Wichita dancer gets standing ovation at ‘So You Think You Can Dance’ audition
06/05/2014 6:59 PM
06/05/2014 11:58 PM
Kyle Taylor is a service technician at Subaru of Wichita. He’s also a dance celebrity on national television.
Taylor, 28, auditioned his “popping” style on Fox’s “So You Think You Can Dance” in Los Angeles two months ago. The dancing competition aired Taylor’s audition Wednesday night.
“I was just going to thank you and send you off home, to be honest,” contest judge Nigel Lythgoe said following Taylor’s audition.
But after Taylor received a standing ovation from the audience, Lythgoe and two other judges agreed to send him to the choreography round, where he would learn dance steps with a partner and be judged a second time, with a chance to advance.
Taylor skipped the choreography round, figuring he would not advance anyway. But he said he still had an amazing experience.
That’s because Taylor got to battle on stage with three “So You Think You Can Dance” greats: past hip-hop contestants Legacy and Cyrus and last season’s male winner, Fik-Shun.
“You look like you should be battling people,” Lythgoe said to Taylor. “We’ve got, actually, people here. … Is there anybody who wants to get up on their feet and take this guy on?”
Then, the battle – a kind of dance-off – ensued.
“It was unreal,” Taylor said. “Still watching it last night, I don’t even know what to tell people. It was just crazy. I had no idea.”
It was the 2004 film “You Got Served” that started it all, Taylor said. The Junction City native took up the popping style that originated on the streets of California in the 1960s and ’70s and was featured in the movie.
Sometimes described as the “funky robot,” popping is the quick contraction and release of muscles that create a pop or hit in the dancer’s body.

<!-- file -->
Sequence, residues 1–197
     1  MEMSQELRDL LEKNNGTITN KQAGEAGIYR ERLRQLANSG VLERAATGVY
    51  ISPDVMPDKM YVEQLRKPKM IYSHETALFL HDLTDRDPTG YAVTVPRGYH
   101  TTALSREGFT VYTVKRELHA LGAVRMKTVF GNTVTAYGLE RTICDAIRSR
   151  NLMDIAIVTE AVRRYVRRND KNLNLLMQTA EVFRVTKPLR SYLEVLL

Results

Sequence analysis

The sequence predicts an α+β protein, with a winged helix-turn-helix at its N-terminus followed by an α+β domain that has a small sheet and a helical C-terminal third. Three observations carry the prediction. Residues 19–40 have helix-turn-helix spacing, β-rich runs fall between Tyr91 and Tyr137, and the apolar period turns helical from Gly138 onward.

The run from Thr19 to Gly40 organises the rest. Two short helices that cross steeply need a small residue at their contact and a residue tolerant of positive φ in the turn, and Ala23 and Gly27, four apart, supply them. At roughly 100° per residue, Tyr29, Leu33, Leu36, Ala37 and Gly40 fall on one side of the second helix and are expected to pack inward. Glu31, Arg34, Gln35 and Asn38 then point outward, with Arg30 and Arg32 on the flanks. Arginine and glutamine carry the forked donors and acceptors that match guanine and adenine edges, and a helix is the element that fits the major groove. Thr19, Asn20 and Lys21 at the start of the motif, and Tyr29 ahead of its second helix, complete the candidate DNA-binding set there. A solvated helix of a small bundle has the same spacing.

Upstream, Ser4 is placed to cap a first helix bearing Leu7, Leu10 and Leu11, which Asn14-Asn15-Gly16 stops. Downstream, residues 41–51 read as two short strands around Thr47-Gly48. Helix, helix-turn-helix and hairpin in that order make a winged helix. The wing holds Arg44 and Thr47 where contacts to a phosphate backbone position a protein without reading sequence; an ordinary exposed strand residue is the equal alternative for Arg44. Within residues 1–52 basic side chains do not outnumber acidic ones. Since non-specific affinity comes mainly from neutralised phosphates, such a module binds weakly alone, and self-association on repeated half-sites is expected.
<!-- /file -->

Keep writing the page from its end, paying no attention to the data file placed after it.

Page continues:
“For me, it’s kind of my outlet,” Taylor said. “I like to think of when I dance … I attack the beat. I kind of take out all of my frustrations on every beat I hit. So that’s why I like it.
“And it gets so addicting once you start to progress and find new moves and new ways to go at the beat.”
Taylor said he practices in his living room, trying to imitate moves he sees online. Recently he added a dance floor, made up of square tiles pieced together.
Taylor had planned on auditioning last year for the show, which is now in its 11th season. He took jazz and ballet lessons from a friend to prepare.
But the week of his flight to Los Angeles, Taylor said, he ended up in the hospital with a blood clot in his left arm. Doctors had to take out one of his ribs.
“I was literally dancing around with my arm stuck here,” Taylor said, motioning like with his arm in a sling. “I couldn’t really move this part of my body for like six months.”
Pain in his arm eased up about a month before his recent audition in March, Taylor said. Despite the surgery and despite having performed only in the comfort of his living room, his audition impressed the judges.
“Are you serious you’ve only danced in your living room?” judge Mary Murphy asked. “You’ve never battled or done anything like that before? It’s incredible because you fit right in with those guys. You are amazing.”
Since the episode Wednesday night, Taylor said he suddenly has a lot more friends.
“It’s weird for me,” he said. “I feel like such a small-town person, all this attention and everything.
“I hope it brings me more dance opportunities.”
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